PANK — Professional aunt, no kids. Apparently, this is the target market for the holiday.
The word is the creation of Melanie Notkin, aka The Savvy Auntie. She partnered with Weber Shandwick and KRC Research on a study which found that 1 in 5 women is a PANK. That’s 23 million American women who are willing to spend $9 billion per year on the special kids in their lives. They’re 36 years old on average, more than half (52 percent) are single and have never been married, and just about a third of them make $50K or more per year. They’re hooked up on social media and work full-time.
Sisters are doing it for themselves. And companies want all those lovely ladies to spend that auntie money with them this year.
Best Buy is already on it, and they brought a very cool messenger in the person of Maya Rudolph.
The International Business Times says PANKs will be traveling extensively with their nieces and nephews.
More than anything, this new target is reflective of a larger shift in society — professional women who are waiting longer to get married and have children, and therefore have more disposable income. The PANK who wrote this New York magazine article bought a designer onesie for her nephew-to-be. Because you can’t bring a baby to brunch who’s rocking last season’s fashions.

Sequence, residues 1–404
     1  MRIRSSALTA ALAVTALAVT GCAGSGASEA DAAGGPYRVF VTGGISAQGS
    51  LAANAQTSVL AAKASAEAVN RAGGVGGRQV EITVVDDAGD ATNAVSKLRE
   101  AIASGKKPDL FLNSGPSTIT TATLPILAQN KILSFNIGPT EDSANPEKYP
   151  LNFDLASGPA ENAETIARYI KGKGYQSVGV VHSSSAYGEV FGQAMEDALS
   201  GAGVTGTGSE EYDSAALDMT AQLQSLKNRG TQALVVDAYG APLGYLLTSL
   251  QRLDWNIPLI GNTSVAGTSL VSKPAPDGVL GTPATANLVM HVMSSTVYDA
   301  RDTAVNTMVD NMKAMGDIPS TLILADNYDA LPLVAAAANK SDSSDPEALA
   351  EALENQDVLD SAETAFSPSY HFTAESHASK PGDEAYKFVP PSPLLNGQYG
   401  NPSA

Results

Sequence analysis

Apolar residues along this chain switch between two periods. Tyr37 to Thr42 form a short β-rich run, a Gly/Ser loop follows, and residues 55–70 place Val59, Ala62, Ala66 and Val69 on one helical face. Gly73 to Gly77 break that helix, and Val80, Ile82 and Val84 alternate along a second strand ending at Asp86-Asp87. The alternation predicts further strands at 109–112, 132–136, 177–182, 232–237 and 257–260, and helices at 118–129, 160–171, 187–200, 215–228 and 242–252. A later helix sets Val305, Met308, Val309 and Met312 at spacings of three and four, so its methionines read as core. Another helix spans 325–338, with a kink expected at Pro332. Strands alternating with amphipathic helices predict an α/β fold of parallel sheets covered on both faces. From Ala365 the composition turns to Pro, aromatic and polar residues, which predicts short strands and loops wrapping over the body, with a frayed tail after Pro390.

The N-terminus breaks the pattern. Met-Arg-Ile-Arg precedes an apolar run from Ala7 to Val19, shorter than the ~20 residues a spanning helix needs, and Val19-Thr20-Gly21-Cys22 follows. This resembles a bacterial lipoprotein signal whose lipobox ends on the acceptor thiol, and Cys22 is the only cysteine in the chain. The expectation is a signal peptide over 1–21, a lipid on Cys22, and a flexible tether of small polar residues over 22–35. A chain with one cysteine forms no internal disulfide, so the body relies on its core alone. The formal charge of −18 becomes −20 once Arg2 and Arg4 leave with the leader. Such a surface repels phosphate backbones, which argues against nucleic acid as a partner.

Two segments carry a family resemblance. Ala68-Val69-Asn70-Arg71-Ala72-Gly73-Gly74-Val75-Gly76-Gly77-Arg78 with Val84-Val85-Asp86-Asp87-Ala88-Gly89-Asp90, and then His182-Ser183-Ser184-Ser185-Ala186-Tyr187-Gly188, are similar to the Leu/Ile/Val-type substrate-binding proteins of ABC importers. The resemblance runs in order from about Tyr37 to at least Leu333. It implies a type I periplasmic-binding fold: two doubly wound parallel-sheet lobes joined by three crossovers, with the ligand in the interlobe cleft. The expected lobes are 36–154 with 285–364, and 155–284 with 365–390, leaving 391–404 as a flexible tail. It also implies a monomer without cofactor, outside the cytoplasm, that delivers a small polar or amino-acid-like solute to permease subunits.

For some time now, we’ve talked about women (mothers really) as the CFO of the home. The people in charge of purchases like groceries and appliances. Now we’re talking about women who probably eat out a little more, spend a little more on themselves because they don’t need to buy clothes and school supplies for their own kids, and travel to places that don’t have people dressed in cartoon costumes. (Unless it’s one of those PANK trips the IBT was talking about.)
It is important to acknowledge that times are changing and reaching different groups will require a different perspective. But please. These ridiculous terms need to go away. No one wants to be called a PANK, even if the group you’re describing is pretty awesome.
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